Guest opinion: America deserves better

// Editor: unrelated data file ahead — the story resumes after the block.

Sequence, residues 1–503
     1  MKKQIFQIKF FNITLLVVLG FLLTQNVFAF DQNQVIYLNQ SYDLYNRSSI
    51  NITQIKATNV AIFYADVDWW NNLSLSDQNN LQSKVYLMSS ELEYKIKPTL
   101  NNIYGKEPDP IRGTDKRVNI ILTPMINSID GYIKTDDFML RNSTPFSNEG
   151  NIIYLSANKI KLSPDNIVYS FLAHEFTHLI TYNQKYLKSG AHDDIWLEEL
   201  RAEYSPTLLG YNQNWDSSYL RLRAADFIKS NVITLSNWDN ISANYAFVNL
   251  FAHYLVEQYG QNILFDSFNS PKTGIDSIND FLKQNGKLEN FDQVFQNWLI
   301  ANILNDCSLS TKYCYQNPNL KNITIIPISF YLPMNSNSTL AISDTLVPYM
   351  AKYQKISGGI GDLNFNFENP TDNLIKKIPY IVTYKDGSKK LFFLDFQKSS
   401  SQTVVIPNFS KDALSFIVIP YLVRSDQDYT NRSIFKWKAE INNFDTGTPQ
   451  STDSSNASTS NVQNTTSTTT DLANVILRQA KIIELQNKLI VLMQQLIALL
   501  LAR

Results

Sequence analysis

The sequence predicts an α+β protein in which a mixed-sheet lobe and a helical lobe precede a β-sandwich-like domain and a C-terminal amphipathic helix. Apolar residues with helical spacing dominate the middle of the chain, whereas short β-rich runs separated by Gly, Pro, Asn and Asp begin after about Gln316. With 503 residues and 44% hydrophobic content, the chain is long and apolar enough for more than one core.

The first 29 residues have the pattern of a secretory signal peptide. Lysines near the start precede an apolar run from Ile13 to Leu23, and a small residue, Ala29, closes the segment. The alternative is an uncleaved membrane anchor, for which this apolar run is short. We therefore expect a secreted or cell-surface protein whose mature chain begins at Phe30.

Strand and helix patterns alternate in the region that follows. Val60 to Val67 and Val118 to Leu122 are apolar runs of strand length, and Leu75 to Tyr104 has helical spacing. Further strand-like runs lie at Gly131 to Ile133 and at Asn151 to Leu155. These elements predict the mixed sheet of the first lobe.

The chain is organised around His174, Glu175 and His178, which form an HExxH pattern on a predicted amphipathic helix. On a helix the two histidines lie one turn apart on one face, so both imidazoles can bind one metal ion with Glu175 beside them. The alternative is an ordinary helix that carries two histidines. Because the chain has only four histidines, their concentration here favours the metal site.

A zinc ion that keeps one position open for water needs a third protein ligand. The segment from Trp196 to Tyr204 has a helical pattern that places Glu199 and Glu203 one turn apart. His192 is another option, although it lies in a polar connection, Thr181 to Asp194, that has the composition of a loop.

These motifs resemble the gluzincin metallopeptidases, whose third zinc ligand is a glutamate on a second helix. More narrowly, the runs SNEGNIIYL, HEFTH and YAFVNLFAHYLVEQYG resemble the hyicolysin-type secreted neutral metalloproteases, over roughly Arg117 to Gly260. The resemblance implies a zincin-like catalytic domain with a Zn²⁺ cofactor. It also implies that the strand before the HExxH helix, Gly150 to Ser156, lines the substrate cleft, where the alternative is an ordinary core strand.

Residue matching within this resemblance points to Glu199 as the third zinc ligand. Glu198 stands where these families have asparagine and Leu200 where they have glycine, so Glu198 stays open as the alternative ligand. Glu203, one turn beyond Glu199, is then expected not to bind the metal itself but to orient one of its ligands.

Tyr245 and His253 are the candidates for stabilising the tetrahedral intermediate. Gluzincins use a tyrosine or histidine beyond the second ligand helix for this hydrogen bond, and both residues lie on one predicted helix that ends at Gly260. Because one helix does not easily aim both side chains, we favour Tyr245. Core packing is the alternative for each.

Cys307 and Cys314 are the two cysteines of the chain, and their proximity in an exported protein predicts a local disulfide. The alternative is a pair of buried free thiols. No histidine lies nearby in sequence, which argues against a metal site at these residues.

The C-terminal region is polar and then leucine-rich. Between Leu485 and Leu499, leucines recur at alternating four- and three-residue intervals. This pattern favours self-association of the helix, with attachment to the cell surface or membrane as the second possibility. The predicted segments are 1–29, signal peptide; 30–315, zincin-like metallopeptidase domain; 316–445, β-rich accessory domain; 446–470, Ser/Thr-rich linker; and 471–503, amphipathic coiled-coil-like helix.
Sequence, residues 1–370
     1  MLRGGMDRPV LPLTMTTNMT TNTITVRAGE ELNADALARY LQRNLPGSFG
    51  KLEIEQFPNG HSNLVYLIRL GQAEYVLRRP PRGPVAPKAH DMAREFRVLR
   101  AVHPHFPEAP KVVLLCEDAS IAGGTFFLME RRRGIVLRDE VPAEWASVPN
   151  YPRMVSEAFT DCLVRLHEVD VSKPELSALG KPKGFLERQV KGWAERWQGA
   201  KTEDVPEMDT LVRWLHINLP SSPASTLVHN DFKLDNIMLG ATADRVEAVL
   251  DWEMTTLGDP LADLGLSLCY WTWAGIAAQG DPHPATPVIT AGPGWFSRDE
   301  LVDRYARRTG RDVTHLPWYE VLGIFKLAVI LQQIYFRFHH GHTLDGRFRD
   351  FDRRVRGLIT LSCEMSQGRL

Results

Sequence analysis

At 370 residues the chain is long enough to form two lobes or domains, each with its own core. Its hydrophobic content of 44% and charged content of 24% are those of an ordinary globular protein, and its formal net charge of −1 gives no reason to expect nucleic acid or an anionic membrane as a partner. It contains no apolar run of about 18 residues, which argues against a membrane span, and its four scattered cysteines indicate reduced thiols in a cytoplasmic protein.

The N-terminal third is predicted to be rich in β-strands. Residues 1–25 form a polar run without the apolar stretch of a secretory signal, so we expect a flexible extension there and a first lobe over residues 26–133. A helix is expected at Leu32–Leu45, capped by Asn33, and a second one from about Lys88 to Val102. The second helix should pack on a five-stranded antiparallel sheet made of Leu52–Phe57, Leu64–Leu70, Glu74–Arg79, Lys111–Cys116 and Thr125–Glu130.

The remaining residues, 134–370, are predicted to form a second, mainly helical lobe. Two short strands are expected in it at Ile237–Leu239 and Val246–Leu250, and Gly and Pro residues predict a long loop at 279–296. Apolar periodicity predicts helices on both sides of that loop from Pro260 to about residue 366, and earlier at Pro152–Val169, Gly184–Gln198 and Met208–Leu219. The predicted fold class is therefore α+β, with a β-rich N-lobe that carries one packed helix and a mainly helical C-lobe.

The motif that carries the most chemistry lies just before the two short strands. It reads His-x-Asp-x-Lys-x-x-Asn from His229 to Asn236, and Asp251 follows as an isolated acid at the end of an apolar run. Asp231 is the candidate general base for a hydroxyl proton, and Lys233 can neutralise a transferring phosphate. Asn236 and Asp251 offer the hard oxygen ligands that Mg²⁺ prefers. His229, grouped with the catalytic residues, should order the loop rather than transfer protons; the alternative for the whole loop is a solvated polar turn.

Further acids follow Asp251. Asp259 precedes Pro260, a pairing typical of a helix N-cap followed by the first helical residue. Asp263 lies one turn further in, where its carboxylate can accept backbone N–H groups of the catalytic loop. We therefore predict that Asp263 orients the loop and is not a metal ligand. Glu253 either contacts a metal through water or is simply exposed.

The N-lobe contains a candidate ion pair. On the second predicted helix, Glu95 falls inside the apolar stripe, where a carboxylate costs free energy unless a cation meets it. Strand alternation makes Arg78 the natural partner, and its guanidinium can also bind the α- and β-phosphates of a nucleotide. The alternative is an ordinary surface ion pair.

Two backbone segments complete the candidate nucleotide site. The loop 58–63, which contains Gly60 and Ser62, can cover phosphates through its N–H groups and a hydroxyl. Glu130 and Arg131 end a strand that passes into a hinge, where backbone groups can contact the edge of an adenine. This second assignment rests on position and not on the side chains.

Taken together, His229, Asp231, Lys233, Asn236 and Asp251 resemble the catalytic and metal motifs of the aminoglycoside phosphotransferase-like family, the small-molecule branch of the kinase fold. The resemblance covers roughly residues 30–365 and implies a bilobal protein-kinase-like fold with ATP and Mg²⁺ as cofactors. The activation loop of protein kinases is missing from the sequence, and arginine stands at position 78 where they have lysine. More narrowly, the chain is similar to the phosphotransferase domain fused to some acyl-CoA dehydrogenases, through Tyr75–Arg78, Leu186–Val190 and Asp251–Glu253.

“The lesser of two evils.” That is a quote you don’t want to hear repeatedly when discussing the choices for President of the United States. Unfortunately, that is the opinion of many of our fellow countrymen and women who bemoaned this year’s major party nominees. Let me clarify that this piece was written before Election Day. It really doesn’t matter who prevailed on Nov. 8, since the nation will remain so polarized. Counting ballots is just a halftime show in a battle involving ideological and personal attacks between the two sides. As someone who is focused on the future and the world we are creating for future generations, I’m constantly asking myself the rhetorical question “How did we get here?” The simplest of answers is that Americans have become so jaded and lost all faith in government that we may be fulfilling the words of Galatians: “Whatever one sows, that will he also reap.” If that is the case, then the media deserve some of the blame. As an institution protected by the First Amendment, our news organizations are often considered the fourth branch of government. Their focus in political campaigns, however, is too often on superficial qualities and actions of candidates, and campaigns are treated as little more than sporting events. The coverage of the 2016 campaign has centered around personal attacks and allegations from each side, despite the fact that brave men and women are in harm’s way on foreign soil; our workforce training isn’t keeping up with employer demands; the burden of the national debt is increasing almost exponentially; and many men, women and children struggle to meet the basic needs of living. The media are just a symptom of a larger problem, however; the truth is the level of public discourse in Washington, D.C., and in our state capitols is uninspiring. At these levels of government, opposing sides forget that we are all on the same team. Here in our community, we are all Americans, Kentuckians and Woodford Countians. We might disagree about details, but we all want positive outcomes at all levels of society. I admittedly live in a glass house as an elected official, and in full disclosure, I have regretfully made comments that were not conducive to positive discourse. I am learning from these experiences, though, and am striving to reach out more to those whose views may differ from my own. That’s the only real way out of this predicament. Let’s begin by treating everyone with the respect they deserve. People who don’t agree with our political preferences or policy positions are not necessarily evil! Let’s also start holding elected officials and candidates accountable to providing real solutions, not partisan talking points. Let’s make elections for offices of trust more dignified than elections for fifth grade class president. Let’s not play political “Gotcha” every time a leader has the courage to share a big idea. Let’s demand the government we deserve because, quite frankly, we deserve better. To sum it up, let’s sow politeness, big ideas, and candidates that are more substance than show, and then pray we are able to reap a bountiful crop of peace and prosperity during the next round of elections. Let us strive to never again have to use the phrase “the lesser of two evils,” no matter the race. Brian Traugott is mayor of Versailles.